Compensation Regulation in Banking: Executive Director Behavior and Bank Performance after the EU Bonus Cap
Stefano Colonnello, Michael Koetter, Konstantin Wagner
Journal of Accounting and Economics,
The regulation that caps executives’ variable compensation, as part of the Capital Requirements Directive IV of 2013, likely affected executive turnover, compensation design, and risk-taking in EU banking. The current study identifies significantly higher average turnover rates but also finds that they are driven by CEOs at poorly performing banks. Banks indemnified their executives by off-setting the bonus cap with higher fixed compensation. Although our evidence is only suggestive, we do not find any reduction in risk-taking at the bank level, one purported aim of the regulation.
Short-Selling Threats and Bank Risk-Taking: Evidence from the Financial Crisis
Dien Giau Bui, Iftekhar Hasan, Chih-Yung Lin, Hong Thoa Nguyen
Journal of Banking and Finance,
The focus of this paper is whether the Securities and Exchange Commission's Regulation SHO strengthens or weakens the effect of short-selling threats on banks’ risk-taking. The evidence shows that pilot banks with looser constraints on short-selling increased their risk-taking during the financial crisis of 2007–2009. The reason is that short-selling threats improved the information environment and mitigated the agency problems of banks during the pilot program that led to greater risk-taking by pilot banks. Additionally, this effect is mainly driven by pilot banks with poor corporate governance, or high information asymmetry. Overall, our paper provides novel evidence that the disciplinary role of short-sellers had a positive effect on bank risk-taking during the financial crisis.
14.02.2023 • 4/2023
Study on Europe's top bankers: Risky business despite bonus cap
Ten years ago, the EU Parliament decided to cap the flexible remuneration of bank managers. But the cap on bonuses misses its target: Managers of systemically important European banks take high risks without changes, shows a study by the Halle Institute for Economic Research (IWH).
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Social Capital, Trusting, and Trustworthiness: Evidence from Peer-to-Peer Lending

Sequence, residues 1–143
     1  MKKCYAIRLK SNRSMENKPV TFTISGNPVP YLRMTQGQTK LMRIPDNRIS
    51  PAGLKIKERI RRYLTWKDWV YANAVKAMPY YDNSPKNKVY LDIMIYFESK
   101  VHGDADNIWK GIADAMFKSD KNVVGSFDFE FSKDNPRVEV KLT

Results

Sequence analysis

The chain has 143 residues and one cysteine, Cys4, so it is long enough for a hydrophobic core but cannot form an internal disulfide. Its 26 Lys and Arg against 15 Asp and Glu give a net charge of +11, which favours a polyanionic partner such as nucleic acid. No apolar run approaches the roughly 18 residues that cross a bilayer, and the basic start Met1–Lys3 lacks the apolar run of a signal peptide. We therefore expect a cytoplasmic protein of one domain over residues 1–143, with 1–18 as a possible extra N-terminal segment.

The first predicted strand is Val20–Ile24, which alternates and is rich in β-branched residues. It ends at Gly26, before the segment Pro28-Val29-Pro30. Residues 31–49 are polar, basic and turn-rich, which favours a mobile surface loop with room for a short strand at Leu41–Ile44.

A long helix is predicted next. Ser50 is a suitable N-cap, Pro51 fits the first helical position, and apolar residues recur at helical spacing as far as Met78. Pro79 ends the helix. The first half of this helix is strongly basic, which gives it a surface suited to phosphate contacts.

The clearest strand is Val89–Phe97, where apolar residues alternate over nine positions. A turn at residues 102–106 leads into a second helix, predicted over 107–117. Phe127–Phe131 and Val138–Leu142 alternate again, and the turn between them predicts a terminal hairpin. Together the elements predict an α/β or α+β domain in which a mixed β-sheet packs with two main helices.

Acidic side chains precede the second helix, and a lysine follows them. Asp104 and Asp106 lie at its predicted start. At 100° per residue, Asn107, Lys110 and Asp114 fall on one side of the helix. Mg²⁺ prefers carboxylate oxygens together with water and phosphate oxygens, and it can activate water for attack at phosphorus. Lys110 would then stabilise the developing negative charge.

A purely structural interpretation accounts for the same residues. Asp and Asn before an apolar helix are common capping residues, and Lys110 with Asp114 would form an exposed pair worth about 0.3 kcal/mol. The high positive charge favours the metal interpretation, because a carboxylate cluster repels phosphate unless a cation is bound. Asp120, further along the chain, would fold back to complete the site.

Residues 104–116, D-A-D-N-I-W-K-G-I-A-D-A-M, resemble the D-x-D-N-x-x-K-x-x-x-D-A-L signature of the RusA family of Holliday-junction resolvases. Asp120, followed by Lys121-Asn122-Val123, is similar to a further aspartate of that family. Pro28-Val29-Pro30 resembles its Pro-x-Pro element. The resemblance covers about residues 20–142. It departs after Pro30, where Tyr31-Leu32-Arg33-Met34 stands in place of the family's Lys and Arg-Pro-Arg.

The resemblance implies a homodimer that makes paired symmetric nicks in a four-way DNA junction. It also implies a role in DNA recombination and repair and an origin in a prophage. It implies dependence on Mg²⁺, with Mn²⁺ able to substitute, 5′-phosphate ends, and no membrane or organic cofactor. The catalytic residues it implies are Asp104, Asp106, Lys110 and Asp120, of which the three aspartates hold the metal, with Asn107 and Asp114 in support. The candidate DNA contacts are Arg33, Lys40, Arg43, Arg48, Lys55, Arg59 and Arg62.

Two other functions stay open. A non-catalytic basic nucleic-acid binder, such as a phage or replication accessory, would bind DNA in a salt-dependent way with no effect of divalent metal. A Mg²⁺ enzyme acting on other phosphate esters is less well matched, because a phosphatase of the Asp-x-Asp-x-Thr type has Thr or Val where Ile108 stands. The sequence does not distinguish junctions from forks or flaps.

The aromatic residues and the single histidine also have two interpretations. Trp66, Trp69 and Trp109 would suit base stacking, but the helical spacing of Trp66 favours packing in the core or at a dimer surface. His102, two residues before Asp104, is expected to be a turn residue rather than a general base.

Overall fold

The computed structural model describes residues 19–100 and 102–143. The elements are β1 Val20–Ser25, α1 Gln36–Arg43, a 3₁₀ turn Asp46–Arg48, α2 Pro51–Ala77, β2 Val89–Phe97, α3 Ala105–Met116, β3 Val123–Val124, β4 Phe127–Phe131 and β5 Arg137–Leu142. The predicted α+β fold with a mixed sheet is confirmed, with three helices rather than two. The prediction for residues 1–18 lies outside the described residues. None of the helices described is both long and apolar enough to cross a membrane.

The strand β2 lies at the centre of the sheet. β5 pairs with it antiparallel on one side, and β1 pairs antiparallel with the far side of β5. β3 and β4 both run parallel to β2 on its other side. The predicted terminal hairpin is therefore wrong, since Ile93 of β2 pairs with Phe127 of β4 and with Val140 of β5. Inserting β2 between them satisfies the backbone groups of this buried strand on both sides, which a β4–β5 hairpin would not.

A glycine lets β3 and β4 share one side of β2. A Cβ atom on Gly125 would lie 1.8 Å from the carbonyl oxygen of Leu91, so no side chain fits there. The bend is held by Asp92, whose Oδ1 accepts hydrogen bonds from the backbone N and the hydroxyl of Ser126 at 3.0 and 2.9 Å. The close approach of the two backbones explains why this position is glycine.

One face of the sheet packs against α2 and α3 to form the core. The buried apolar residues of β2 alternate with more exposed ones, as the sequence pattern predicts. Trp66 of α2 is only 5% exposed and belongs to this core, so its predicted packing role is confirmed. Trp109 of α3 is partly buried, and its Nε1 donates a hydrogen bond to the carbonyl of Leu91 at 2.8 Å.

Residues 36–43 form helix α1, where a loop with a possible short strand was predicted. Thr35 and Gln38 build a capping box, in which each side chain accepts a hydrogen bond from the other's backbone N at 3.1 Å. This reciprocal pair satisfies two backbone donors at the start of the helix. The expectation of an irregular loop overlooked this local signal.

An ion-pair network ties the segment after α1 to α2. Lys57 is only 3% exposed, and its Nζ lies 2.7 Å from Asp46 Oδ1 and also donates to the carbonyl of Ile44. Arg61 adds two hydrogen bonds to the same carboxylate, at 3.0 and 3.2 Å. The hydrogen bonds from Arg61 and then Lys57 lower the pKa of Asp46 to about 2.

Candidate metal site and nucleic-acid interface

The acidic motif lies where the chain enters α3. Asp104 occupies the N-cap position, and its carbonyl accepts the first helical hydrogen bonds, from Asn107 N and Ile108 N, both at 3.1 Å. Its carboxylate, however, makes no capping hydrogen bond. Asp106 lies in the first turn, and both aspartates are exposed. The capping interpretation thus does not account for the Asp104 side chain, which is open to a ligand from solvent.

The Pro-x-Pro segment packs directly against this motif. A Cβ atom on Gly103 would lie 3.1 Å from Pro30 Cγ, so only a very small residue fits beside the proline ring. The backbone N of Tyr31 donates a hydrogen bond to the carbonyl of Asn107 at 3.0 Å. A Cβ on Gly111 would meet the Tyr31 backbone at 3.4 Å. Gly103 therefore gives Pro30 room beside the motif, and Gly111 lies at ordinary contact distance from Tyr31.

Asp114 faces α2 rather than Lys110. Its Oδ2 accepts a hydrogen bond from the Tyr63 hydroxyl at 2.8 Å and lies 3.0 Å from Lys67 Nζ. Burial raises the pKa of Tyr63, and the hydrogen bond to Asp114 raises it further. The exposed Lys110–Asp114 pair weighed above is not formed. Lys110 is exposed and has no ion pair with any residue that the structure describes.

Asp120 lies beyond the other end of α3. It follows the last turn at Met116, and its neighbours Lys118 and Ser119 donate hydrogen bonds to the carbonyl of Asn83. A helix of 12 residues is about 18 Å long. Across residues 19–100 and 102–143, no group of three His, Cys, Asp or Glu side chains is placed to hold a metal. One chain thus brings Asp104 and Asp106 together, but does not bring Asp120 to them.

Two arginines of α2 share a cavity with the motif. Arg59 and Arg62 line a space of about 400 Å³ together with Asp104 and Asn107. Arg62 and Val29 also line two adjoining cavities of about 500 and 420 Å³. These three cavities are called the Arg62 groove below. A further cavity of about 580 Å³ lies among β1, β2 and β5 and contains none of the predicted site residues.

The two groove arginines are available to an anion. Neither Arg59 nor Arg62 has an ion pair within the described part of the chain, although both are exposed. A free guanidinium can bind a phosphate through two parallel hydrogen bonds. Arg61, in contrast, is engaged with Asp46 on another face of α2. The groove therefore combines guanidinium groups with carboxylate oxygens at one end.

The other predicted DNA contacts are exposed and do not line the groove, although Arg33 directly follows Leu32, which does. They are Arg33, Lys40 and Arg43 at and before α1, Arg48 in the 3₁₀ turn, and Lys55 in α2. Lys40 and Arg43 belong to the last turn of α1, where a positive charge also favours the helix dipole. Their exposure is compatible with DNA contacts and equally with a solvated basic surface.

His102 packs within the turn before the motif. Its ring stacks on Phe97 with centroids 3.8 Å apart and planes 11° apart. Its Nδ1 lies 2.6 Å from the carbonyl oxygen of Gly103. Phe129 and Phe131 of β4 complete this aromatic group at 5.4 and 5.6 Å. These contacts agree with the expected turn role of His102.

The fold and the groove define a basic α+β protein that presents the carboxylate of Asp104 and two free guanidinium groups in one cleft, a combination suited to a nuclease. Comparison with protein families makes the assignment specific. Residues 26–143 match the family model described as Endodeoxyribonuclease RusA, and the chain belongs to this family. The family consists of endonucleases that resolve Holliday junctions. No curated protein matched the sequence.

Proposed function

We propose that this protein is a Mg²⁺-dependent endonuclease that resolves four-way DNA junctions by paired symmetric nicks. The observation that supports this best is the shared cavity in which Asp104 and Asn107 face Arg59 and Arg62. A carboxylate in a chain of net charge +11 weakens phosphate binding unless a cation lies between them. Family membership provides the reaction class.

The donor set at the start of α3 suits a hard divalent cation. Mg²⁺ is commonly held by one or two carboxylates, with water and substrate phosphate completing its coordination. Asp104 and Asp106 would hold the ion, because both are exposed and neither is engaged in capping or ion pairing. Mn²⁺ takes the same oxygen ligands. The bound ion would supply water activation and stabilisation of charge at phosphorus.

Iftekhar Hasan, Qing He, Haitian Lu
Journal of Financial and Quantitative Analysis,
How does social capital affect trust? Evidence from a Chinese peer-to-peer lending platform shows regional social capital affects the trustee’s trustworthiness and the trustor’s trust propensity. Ceteris paribus, borrowers from higher social capital regions receive larger bid from individual lenders, have higher funding success, larger loan size, and lower default rates, especially for low-quality borrowers. Lenders from higher social capital regions take higher risks and have higher default rates, especially for inexperienced lenders. Cross-regional transactions are most (least) likely to be realized between parties from high (low) social capital regions.
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IWH Bankruptcy Research
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The Impact of Overconfident Customers on Supplier Firm Risks
Yiwei Fang, Iftekhar Hasan, Chih-Yung Lin, Jiong Sun
Journal of Economic Behavior and Organization,
Research has shown that firms with overconfident chief executive officers (CEOs) tend to overinvest and are exposed to high risks due to unrealistically optimistic estimates of their firms’ future performance. This study finds evidence that overconfident CEOs also affect suppliers’ risk taking. Specifically, serving overconfident customers can lead to high supplier risks, measured by stock volatility, idiosyncratic risk, and market risk. The effects are pronounced when customers aggressively invest in research and development (R&D). Our results are robust after addressing self-selection bias and using different CEO overconfidence measures. We also document some real effects of customer CEO overconfidence on suppliers.
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